It's no wonder your opinion is so biased. BTW most outdoor boiler owners don't post 'in defence' on a debate like this because most are outdoorsmen with land, and they don't spend all their time wasted on the internet arguing with people like you. They like what they have and it works. If coming home on your Vespa/Guzzi and tossing a few sticks in your little Polish boiler suits your lifesyle, then good for you. Just don't think for a second your point of veiw is 'right' because you surround yourself with internet posters.
  21. Gooserider

    Gooserider Mod Emeritus

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    Northeastern MA (near Lowell)
    No boiler yet, as you would have noted if you looked at my sig... Instead I have a genuine USA made, Vermont Casting's stove, that is an excellent example of a good reason NOT to get "Made in USA" I certainly would expect less smoke out of a Polish boiler, or even one of the American ones...

    But then I don't have high expectations of rational behavior from a troll...

    Gooserider
  22. Frozen Canuck

    Frozen Canuck Minister of Fire

    Joined:
    Dec 14, 2009
    Messages:
    858
    Loc:
    North central Alberta, Canada
    OK. Here is a response from a 10 year OWB user.

    1) USA 1, you are ignoring a lot of the facts in your post & response, that's too bad as there is a reasonable discussion to be had re: the pros/cons of any system vs any other. In this case OWB vs gasification.
    2) Goose is correct in what he said & he did provide USA made options for those that are interested in them.
    3) Goose is doing his job (being a mod). If I were required to read as many posts as he is I would have many suggestions as well esp for first time posters. ( I am willing to bet that if you check back a lot of his posts are on points of courtesy etc, things we all count on the mods to do). I know he had suggestions for me & I am glad he did, saved me a lot of time & effort. Sped up my learning curve you might say.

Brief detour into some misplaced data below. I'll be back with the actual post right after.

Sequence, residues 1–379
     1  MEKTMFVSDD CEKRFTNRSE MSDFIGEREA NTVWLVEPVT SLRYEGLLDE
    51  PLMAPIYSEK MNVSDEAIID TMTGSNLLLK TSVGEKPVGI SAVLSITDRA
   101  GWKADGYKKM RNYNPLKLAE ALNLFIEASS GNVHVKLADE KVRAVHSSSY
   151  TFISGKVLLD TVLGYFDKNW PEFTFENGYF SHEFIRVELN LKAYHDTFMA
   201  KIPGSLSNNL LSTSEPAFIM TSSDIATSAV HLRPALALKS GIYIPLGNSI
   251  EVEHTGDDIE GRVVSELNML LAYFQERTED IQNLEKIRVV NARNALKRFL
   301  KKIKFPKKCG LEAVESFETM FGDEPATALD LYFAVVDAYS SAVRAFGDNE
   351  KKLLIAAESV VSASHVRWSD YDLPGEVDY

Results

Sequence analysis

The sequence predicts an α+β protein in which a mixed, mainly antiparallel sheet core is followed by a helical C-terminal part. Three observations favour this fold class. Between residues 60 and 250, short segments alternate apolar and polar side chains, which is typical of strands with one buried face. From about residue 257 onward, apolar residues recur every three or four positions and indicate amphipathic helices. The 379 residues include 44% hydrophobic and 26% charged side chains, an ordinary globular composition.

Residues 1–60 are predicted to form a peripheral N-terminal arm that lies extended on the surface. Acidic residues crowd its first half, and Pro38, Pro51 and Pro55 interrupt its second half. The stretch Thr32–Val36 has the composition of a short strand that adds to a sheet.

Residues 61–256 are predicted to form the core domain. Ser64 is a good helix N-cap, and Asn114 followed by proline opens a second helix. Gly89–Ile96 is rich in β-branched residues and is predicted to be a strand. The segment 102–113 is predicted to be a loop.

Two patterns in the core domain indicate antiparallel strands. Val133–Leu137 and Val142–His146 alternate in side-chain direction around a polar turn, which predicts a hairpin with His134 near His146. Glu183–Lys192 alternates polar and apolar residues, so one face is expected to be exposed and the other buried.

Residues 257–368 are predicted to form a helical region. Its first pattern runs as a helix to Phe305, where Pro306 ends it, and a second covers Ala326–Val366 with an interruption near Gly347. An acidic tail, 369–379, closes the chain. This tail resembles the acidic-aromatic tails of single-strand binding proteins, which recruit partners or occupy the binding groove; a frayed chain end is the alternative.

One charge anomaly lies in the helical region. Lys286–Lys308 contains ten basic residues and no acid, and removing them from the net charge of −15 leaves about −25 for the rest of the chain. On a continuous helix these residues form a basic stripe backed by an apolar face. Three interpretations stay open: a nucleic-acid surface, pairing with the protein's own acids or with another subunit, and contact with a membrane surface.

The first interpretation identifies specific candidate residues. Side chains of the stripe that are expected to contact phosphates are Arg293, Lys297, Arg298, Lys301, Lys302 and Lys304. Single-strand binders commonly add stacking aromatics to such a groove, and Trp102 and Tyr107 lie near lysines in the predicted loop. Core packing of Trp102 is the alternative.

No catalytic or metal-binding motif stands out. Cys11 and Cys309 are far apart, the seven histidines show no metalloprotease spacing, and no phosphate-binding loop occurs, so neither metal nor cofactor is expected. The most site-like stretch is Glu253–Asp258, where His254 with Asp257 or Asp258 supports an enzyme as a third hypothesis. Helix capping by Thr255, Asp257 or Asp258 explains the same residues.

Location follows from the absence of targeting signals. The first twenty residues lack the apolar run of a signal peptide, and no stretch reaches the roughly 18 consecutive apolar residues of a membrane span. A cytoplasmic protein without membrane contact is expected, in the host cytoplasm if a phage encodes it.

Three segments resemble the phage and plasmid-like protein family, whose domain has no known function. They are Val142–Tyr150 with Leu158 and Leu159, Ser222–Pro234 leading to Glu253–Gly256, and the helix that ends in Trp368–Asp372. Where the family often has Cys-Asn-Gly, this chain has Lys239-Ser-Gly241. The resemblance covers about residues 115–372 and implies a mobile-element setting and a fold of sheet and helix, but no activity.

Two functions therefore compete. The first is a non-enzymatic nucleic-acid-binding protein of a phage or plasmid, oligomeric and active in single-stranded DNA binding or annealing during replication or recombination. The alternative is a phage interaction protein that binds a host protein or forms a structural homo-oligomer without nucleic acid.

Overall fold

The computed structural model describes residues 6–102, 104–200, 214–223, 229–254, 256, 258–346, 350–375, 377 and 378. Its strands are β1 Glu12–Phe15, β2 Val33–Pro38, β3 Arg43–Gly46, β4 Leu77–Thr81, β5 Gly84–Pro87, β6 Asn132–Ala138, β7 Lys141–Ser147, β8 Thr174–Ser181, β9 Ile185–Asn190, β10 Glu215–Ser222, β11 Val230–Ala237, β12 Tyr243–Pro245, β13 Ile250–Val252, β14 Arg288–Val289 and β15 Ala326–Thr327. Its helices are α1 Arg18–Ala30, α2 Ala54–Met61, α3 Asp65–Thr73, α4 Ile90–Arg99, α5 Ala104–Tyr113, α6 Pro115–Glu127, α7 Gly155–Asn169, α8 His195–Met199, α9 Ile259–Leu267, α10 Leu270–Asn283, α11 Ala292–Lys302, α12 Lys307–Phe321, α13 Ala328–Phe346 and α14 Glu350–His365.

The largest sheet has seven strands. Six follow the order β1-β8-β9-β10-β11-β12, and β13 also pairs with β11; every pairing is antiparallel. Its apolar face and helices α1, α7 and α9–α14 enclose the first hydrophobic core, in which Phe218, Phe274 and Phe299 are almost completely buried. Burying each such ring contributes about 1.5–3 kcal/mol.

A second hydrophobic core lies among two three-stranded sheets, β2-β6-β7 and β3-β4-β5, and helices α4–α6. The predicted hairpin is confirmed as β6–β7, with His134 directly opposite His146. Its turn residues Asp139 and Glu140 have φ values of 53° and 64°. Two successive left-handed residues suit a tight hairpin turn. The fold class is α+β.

4) I came to this site in an effort to learn about what I thought was a better way to heat all of our buildings using wood. So far that's what I have been doing (learning) from others posts, reading (a lot) in my attempt to select what is best for our situation where we live. If I had to select right now it would be a USA made unit a GARN. Not that I think it is the best unit in the world (honestly I don't know which one that is) but because I feel that it is the best unit for our situation.
    5) I agree that OWBs do keep the mess outside but that is where any perceived benefit from them ends. Having owned one for 10 years I can say that they are extremely inefficient, burning 2-3 times (or more) the wood of a gaser while pushing out far more pollution than any gaser (I think the EPA agrees with me here). I cut, haul, pile, store, retrieve, feed in, remove the ash from, & clean up after 23-25 cords per year for our OWB, then I find people here with similar square ft buildings in similiar climates that are using 6-8 cords in their gaser & getting the same end result (heating their buildings). Makes me think I got something very wrong 10 years ago, and makes me far more inclined not to make that mistake again.